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Eisgruber names ‘rebuilding and fortifying’ Engineering School as top priority for coming 5 years

<h6>Candace Do / The Daily Princetonian</h6>
Candace Do / The Daily Princetonian

For the first time since 2018, The Daily Princetonian sat down for an interview with University President Christopher L. Eisgruber ’83. The exclusive 45-minute interview with Eisgruber will be published in a two-part series this week. The following article expands on a portion of the interview. 

In an interview with The Daily Princetonian on Friday, President Christopher Eisgruber ’83 said that if he had to pick just one top priority in his next five years at the helm of the University, it would be “rebuilding and fortifying our School of Engineering and Applied Science.”


“I think we’ve got a terrific group of faculty working in a 1962 building that looks depressingly like my high school,” Eisgruber said while sitting down with the ‘Prince’ in Nassau Hall.

“That's not the set of facilities we need for the 21st century, and you cannot be a great liberal arts university in the 21st century without having a great school of engineering,” he added.

Eisgruber told the ‘Prince’ that the expansion will enable the University to invest more in climate research. 

“Climate is obviously one of the existential threats, but there are concerns about water, about biodiversity, about the air that we breathe and as our faculty have pointed out, these things are all connected in complicated ways,” he said. “So we think it's very important to invest in that research. Some of that will occur through the School of Engineering and Applied Sciences.”

Asked about this expansion happening within the wider trend of the humanities shrinking in popularity, Eisgruber said that he foresees engineering students taking advantage of the variety of academic opportunities available at Princeton.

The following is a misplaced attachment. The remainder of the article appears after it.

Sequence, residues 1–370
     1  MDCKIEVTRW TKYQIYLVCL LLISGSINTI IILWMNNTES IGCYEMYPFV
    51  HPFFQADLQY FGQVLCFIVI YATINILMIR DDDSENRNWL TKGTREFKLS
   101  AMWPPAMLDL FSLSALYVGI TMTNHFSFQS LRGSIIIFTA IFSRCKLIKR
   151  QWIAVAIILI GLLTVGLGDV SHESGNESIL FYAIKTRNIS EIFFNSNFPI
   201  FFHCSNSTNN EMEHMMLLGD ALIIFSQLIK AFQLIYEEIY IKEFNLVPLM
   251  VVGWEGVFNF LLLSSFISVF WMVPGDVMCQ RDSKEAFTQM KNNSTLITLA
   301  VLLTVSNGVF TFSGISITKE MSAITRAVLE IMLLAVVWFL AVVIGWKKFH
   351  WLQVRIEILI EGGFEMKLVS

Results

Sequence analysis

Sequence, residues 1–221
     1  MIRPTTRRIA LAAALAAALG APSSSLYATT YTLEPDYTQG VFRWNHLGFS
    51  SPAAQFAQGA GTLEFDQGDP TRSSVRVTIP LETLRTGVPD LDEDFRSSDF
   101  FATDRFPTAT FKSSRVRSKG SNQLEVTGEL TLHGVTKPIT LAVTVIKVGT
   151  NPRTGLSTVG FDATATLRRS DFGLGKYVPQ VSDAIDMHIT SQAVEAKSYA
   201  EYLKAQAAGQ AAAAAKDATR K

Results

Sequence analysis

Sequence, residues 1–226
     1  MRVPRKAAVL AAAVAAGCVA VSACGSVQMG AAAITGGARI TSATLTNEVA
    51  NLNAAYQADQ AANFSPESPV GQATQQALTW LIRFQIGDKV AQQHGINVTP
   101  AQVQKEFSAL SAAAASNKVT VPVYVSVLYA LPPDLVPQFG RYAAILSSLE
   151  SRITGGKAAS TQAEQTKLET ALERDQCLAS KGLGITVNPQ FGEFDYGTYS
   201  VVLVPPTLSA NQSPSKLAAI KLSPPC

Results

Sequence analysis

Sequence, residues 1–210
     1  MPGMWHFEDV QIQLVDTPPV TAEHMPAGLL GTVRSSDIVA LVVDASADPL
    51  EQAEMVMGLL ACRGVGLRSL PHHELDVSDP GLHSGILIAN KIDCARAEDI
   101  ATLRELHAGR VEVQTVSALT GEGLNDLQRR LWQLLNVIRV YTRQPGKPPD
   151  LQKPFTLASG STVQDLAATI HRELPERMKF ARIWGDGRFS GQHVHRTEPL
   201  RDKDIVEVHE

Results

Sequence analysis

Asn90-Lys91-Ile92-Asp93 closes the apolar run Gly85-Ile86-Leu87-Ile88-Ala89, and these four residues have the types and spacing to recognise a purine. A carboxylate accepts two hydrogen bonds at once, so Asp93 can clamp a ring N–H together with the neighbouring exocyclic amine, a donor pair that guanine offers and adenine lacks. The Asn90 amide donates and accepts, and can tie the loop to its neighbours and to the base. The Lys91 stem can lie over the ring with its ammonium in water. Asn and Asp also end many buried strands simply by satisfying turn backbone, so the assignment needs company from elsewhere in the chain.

“The humanities are essential to the liberal arts education that we offer at Princeton,” he said. “I suspect that Dean Andrea Goldsmith in the engineering school would agree that one of the great strengths of our engineering school is the opportunities for our engineers to engage in this broader liberal arts education,” he said.


Plans for expansion were announced in May 2021. In the short term, they include the construction of four new buildings by late 2024 to house the environmental science, bioengineering, and chemical and biological engineering, as well as an engineering commons. The building complex will be located between Prospect Avenue and Ivy Lane, previously occupied by faculty and staff housing as well as parking lots. 

The expansion will also unite the Department of Computer Science into one building, which will be named after Eric Schmidt ’76 and Wendy Schmidt, who provided funding for the project. The building will result from extensive renovations and expansion of Guyot Hall.

A longer-term plan includes construction of a building for the Department of Electrical and Computer Engineering and “spaces for other engineering departments as well as programs central to the school’s mission.” 

Clifford Brangwynne, a professor of chemical and biological engineering and a winner of the 2023 Breakthrough Prize in Life Sciences, told the ‘Prince’ that Eisgruber’s emphasis on the engineering expansion project as a top priority for Nassau Hall comes as “wonderful” news.

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“President Eisgruber is right on the mark. It is no secret that technology — from the cell phones in our pockets, AI and blockchain, to vaccines, pacemakers, and engineered T cell cancer therapies — are changing our world at a dramatic pace,” he said in an email.

“Among the Ivies, Princeton has always uniquely supported engineering and is thus in a wonderful position to leverage our engineering strength to embrace and lead the next technological revolutions, particularly bioengineering which is poised for explosive growth,” Brangwynne added. 

He finished by speaking on the future ramifications of the expansion. 

“Leading in these areas, importantly within a liberal arts framework that looks at the big picture — political, ethical, historical, and societal implications — is exactly the right move for Princeton, this century and beyond,” Brangwynne said. 

Sandeep Mangat is an Associate News Editor for the Prince.’ Please direct all corrections to corrections at

Correction: A previous version of this article implied that President Eisgruber’s presidency had a set end date. In fact, his presidency has been extended by at least five years. This article has also been updated to accurately reflect the use of the area between Prospect Avenue and Ivy Lane.